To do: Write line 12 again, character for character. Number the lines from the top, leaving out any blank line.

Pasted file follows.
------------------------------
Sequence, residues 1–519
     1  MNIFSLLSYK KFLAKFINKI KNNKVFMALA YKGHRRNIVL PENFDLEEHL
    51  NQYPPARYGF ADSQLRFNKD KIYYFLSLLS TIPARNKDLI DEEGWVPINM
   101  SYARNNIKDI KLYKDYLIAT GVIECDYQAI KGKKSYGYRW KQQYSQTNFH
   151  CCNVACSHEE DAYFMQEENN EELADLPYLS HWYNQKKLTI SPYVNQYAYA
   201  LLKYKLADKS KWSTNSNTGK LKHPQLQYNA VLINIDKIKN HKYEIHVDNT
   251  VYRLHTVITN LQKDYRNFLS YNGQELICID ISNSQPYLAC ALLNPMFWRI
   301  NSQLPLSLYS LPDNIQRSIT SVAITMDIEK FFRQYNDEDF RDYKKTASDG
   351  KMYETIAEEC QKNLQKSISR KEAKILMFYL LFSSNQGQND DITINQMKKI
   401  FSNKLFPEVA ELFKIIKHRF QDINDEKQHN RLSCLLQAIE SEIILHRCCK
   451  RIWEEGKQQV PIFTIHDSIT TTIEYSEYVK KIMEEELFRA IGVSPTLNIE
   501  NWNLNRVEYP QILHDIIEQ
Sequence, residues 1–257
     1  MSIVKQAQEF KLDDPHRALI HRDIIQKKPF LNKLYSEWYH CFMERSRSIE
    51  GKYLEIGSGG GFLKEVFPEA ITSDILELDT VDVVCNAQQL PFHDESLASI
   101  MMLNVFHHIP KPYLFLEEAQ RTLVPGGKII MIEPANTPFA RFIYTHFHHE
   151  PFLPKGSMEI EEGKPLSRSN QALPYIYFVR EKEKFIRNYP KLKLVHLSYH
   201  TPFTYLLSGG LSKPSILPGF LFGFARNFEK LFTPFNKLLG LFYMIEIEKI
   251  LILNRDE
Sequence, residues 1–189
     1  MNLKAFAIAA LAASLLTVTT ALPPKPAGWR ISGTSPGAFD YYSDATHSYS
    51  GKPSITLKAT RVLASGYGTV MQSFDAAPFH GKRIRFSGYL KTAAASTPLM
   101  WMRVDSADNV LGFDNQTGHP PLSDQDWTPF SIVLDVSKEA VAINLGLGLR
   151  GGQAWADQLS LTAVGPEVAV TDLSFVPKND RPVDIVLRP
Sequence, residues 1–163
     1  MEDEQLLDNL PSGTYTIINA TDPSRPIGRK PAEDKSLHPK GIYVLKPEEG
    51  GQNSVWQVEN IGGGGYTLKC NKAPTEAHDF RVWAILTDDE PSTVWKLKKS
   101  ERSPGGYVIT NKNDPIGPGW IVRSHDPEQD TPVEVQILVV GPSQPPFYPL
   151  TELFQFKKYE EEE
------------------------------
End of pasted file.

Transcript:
   501  NWNLNRVEYP QILHDIIEQ